Covid-19: WHO envoy praises Swedish ‘trust-based’ response

Dr David Nabarro describes lockdown as ‘a blunt instrument’ that harms livelihoods

Members of the public pictured in  Stockholm earlier this month. Sweden’s Covid-19 death rate is considerably higher than in many other countries but the pace of new infections and deaths has slowed markedly since the end of June. Photograph Martin von Krogh/Getty Images

Members of the public pictured in Stockholm earlier this month. Sweden’s Covid-19 death rate is considerably higher than in many other countries but the pace of new infections and deaths has slowed markedly since the end of June. Photograph Martin von Krogh/Getty Images

 

One of the World Health Organisation’s six special envoys on Covid-19 has highlighted Sweden’s virus response as a model that other countries should be emulating in the long run.

Dr David Nabarro, speaking in a radio interview in New Zealand, said, “For all countries, the real approach we’ve got to aim for is through behaviour that’s adopted everywhere.”

Dr Nabarro said the key to a sustainable coronavirus strategy is trust, and pointed to Sweden as a case in point. The Nordic nation imposed far fewer restrictions on movement than others, and instead relied on Swedes to act responsibly and embrace the guidelines laid out by the country’s health authorities.

“In Sweden, the government was able to trust the public and the public was able to trust the government,” Dr Nabarro told Magic Talk.

Sweden’s Covid-19 death rate is considerably higher than in many other countries, at 57 per 100,000. But the pace of new infections and deaths has slowed markedly since the end of June. The development prompted Sweden’s national health agency to propose raising the limit on certain public gatherings to 500 people from 50.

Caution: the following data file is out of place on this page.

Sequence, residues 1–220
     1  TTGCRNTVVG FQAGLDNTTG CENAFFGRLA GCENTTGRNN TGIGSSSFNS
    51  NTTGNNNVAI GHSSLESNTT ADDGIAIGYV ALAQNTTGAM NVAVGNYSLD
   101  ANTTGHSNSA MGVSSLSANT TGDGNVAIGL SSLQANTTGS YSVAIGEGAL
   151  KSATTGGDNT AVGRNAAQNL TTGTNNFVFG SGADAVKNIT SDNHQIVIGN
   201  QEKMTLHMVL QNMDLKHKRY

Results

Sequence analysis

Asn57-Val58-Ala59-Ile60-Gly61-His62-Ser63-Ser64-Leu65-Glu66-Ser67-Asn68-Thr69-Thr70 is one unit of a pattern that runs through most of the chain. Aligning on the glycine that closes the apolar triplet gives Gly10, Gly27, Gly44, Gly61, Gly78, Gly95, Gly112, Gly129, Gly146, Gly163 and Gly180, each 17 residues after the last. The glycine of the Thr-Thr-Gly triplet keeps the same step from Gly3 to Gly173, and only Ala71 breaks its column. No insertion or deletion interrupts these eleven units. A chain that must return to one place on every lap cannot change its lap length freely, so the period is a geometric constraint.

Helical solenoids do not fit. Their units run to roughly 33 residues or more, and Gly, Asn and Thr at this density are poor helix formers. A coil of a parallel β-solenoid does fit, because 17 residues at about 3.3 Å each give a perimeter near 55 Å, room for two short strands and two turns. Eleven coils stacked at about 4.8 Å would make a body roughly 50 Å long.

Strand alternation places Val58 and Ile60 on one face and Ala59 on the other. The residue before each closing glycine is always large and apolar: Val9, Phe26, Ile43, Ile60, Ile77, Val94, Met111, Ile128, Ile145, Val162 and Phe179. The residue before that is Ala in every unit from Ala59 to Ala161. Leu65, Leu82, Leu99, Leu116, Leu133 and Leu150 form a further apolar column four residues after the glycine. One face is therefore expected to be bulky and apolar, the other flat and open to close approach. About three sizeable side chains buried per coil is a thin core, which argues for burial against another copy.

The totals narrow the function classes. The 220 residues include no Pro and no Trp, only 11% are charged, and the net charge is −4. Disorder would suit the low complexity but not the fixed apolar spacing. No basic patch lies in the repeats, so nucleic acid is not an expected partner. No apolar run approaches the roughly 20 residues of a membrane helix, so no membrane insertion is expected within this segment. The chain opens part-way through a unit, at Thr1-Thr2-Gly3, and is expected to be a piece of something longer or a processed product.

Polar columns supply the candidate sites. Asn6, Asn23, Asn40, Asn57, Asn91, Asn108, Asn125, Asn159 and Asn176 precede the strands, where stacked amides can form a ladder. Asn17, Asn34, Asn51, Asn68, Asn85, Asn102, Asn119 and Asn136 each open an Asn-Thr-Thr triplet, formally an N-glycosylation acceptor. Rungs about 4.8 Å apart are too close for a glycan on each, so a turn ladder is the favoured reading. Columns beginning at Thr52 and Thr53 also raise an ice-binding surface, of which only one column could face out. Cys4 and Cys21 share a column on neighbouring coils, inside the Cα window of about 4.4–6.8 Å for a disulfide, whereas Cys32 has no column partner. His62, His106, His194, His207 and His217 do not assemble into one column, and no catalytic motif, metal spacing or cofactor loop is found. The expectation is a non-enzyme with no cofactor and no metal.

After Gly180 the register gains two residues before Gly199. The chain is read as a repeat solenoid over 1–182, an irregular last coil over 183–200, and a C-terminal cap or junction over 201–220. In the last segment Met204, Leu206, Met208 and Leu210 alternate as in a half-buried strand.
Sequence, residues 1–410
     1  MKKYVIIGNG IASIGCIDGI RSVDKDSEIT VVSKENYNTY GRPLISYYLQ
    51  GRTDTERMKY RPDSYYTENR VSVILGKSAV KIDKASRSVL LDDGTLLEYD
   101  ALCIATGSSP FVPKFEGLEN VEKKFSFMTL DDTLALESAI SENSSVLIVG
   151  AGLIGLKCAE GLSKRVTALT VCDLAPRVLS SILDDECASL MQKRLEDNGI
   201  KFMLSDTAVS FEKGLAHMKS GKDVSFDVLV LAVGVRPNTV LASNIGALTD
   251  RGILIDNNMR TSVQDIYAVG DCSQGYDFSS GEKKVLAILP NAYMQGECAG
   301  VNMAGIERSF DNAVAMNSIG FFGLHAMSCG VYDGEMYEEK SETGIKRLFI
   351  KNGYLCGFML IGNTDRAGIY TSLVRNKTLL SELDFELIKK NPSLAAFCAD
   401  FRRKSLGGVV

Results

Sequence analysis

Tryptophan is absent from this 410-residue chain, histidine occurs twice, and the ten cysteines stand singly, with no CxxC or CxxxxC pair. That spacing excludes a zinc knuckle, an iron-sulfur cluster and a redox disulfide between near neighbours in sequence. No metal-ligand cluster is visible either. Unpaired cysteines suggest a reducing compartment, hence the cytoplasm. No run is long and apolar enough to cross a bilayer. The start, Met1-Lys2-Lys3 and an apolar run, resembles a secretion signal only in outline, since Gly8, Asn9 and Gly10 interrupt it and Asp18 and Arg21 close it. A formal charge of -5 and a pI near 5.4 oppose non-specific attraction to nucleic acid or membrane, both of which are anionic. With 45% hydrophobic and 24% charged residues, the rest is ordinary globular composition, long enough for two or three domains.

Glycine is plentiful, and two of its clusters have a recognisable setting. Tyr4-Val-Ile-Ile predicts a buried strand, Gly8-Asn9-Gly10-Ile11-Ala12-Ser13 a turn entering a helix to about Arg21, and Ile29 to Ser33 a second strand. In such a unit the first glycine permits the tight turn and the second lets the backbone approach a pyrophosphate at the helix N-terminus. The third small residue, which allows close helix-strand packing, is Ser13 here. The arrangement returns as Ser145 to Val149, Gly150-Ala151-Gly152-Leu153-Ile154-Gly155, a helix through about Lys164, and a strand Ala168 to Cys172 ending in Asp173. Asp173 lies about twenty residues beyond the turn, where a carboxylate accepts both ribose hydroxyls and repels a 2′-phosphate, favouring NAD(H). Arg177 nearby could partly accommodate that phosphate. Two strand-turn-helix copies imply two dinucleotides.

In contrast, other governments around the world are once again imposing stricter measures amid a resurgence in cases.

Dr Nabarro described a lockdown as “a blunt instrument” that “really bites into the livelihoods of everybody, particularly poorer people and small businesses.”

Speaking on RTÉ Radio on Monday, Dr Nabarro reiterated the WHO’s advice on masks, saying children aged between six and 11 years should wear a mask if there appeared to be a high risk of the virus in the community.

“It’s not a one size fits all instruction but it’s guidance based on the best available evidence,” he told Morning Ireland.

Dr Nabarro paid tribute to the people of Ireland their efforts to date with the advice “don’t give up, keep the fight up, keep all the elements that we’ve got in place so we can have a comprehensive response to this virus and let’s keep ahead of it because otherwise the virus will beat us and knock us down”.

In response to the envoy’s remarks on Sweden, the director-general of the Swedish public health agency, Johan Carlson, said in an interview with newspaper Svenska Dagbladet: “We are one of the few countries with a limited spread of infection, unlike several countries in Europe where the infection is returning sharply.”

“I call it the champagne cork effect,” Mr Carlson said.

But Sweden’s Covid strategy still has many critics, including from within the country. Fredrik Elgh, a professor of virology at Umea University, points to the high death toll as evidence the light-touch approach has failed.

“We have almost 6,000 dead. We have betrayed our elderly,” he said in the Svenska Dagbladet report. “We should test and trace infection much more. But the Public Health Agency does not want that.”

Mr Carlson of the public health agency and Sweden’s minister for health and social affairs, Lena Hallengren, are due to hold a press conference on the country’s Covid strategy later on Monday. - Bloomberg

News Digests

Stay on top of the latest newsSIGN UP HERE